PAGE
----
Franklin Park commission rejects clean-fill site
Some Franklin Park and McCandless residents opposed to a clean-fill site won a victory on Tuesday night, but it might be short-lived.
The Municipal Authority of the Borough of West View wants to use the site to hold excavated earth on 5 acres off West View Lane near the Franklin Park reservoir in Franklin Park. When the authority conducts water main repairs, it is prohibited by law from reusing excavated materials to fill holes.
The state Department of Environmental Protection defines clean fill as “uncontaminated, nonwater-soluble, nondecomposable inert solid material.” The term covers soil, rock, stone, dredged material, used asphalt, and brick, block or concrete from construction.
The Franklin Park Planning Commission has been considering the authority's land development and conditional use applications for several months, but on Tuesday the commission voted against recommending that the council approve the applications.
The plan, however, will still go before the council for a vote next month, when a public hearing will take place.
About 80 residents, many of whom oppose the project, attended Tuesday's meeting. About a dozen people voiced concerns about the potential noise from dump trucks, the disturbance of lights, contaminated materials affecting their well water and home values declining.
The municipal authority's solicitor, Fred Baxter, said the authority has taken all necessary precautions to protect public safety and welfare, and it would seek relief in the Court of Common Pleas if council denies approval.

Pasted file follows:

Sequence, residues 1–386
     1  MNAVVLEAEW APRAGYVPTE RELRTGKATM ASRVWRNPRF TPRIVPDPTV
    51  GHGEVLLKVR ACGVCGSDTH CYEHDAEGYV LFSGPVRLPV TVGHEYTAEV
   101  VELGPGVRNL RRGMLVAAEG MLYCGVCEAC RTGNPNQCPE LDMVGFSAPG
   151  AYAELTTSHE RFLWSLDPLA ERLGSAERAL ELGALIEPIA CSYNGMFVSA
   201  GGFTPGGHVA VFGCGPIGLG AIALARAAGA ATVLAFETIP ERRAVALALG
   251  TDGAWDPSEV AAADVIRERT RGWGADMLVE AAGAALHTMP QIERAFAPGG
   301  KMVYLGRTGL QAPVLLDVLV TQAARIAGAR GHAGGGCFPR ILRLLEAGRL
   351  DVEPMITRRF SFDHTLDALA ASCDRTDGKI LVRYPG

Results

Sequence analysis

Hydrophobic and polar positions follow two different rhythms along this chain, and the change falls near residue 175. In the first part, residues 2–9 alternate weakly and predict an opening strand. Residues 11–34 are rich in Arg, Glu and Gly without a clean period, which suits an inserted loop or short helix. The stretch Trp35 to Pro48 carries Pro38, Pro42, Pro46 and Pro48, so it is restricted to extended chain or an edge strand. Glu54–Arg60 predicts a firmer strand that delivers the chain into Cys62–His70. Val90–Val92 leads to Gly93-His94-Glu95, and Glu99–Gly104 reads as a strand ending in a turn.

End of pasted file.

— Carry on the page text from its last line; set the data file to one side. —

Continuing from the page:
“We're in the non-pollutant business. We're the water authority … so we follow all the regulations that there are. They're trying to make up new ones,” he said.
Planning Commissioner Robert Salvatora said the authority's plan met all the borough's criteria for stormwater management, but he questioned how residents would know that only clean fill is used.
Franklin Park resident Barbara Kohl, who lives on Ashbury Lane within view of the land, said her experience as chief operating officer of the West Penn Multi-List real estate listing service has shown her that clean-fill sites can affect homes' resale values.
“You buy in an area that was zoned R-2 (medium-density residential), and you expect it to stay R-2,” she said.
The DEP does not regulate clean fill sites, but it issues National Pollutant Discharge Elimination System permits. The system controls water pollution and provides rules for sediment control, especially when trees are being removed.
“The only way we would get involved is if there was a question about the quality of the fill of if the fill at the site turned out to contain contaminated, not clean materials. Then we would investigate, take samples and perhaps force the people who were putting the fill in to remove it,” said John Poister, spokesman for the DEP.
The authority has applied for its permit.
To qualify for a conditional use approval, the water authority's project would have to meet three criteria: safe and adequate traffic flow, prohibit glare due to site lighting and provide sufficient screening to protect the neighborhood from inappropriate noise and other disturbances.
The water authority applied for the conditional use permit by deeming that the clean-fill site would be an emergency service and municipal facility, but the attorney for the residents opposed to the project, Alan Shuckrow of Strassburger, McKenna, Gutnick and Gefsky, Downtown, said that the site would fall under the borough's more broad definition of a solid waste facility, which includes land used for organic refuse. Solid waste facilities are not permitted in Franklin's Park's R-2 zoning district.
Several commissioners also said that they believed the plan would be categorized as a solid waste facility.
Tory N. Parrish is a staff writer for Trib Total Media. She can be reached at 412-380-5662 or firstname.lastname@example.org.